THE LINE by William LJ Galaini

THE LINE

KIRKUS REVIEW

The precarious decisions of a time traveler serve as the basis for this chilling debut sci-fi thriller.

Mary, a dancer and historian, is the kind of person that men admire and other women envy: She’s smart, funny, and has a keen sense of self and of the world around her. She understands that her petty problems—the lost love of a fiance, difficult parental relationships, strange co-workers—really have no impact on the greater world. That, in part, is why she’s the perfect choice to travel to the station Janus, a kind of super–time machine that places its crew in a kind of limbo between the real world and historical events. Mary is one of a select group that’s trying to figure out who’s been tearing apart history in small but injurious ways. This mysterious time traveler leaves clues behind, but the crew still finds it difficult to know when or where he will go next. Galaini provides a tight sci-fi narrative, blending his intriguing theories of how humanity might bend time into a compelling plot. His characters are well-spoken, realistically flawed and fascinating, and the author uses their voluntary captivity to show how people can crack in stressful, tight environments. The very idea of changing the past should be revolting to the educated Mary—whether it be a friend’s injury or the outcome of a major historical event, such as World War II. Yet her isolation and mental distress eventually cause her to think that even murder seems sensible: “What use is dedicating your life to study history…if you aren’t going to change it?  What good would I be as a spectator?” she asks her android friend, Magus. The story, with its heavy emphasis on science and technology, can sometimes feel bogged down by complex concepts, at the cost of accessibility. The pacing suffers a bit as a result, as some readers may need to pause simply to figure out exactly what the characters are saying, but that also is what makes this novel so intriguing, as most readers will care enough about Mary’s journey to make their way through the jargon. The tale of her struggle to find the humanity in history and the emotion in science is worth the effort.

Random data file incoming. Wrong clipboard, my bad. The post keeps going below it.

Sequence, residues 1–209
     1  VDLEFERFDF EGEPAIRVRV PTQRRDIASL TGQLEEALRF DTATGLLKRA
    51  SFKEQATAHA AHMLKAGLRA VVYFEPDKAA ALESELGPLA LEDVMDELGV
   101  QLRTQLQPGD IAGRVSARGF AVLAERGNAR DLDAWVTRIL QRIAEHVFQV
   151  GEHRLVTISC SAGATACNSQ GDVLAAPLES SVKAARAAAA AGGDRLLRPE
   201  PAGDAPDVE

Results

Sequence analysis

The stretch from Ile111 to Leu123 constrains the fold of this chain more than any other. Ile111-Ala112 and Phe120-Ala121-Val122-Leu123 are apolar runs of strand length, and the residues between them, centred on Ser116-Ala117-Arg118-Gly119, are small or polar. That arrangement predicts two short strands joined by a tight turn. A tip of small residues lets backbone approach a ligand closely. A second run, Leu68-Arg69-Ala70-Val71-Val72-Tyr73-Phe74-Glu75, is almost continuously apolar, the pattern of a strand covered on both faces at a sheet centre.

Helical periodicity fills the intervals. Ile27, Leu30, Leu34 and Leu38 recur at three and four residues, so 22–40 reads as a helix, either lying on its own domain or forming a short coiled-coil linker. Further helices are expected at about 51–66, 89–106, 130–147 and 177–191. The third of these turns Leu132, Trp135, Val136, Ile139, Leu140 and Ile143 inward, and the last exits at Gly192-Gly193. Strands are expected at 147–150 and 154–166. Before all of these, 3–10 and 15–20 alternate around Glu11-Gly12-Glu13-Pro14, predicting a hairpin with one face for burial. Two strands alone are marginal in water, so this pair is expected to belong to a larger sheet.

Although heavy with high-tech terms, this time-travel novel’s engaging plot and all-too-human characters make it a pleasure to read.

Pub Date: Nov. 22nd, 2012
ISBN: 978-1481049450
Page count: 372pp
Publisher: CreateSpace
Program: Kirkus Indie
Review Posted Online:




SIMILAR BOOKS SUGGESTED BY OUR CRITICS:

FictionTHE TIME TRAVELER’S WIFE by Audrey Niffenegger
by Audrey Niffenegger
ChildrenGOTHIC LOLITA by Dakota Lane
by Dakota Lane
FictionSPACE by James A. Michener
by James A. Michener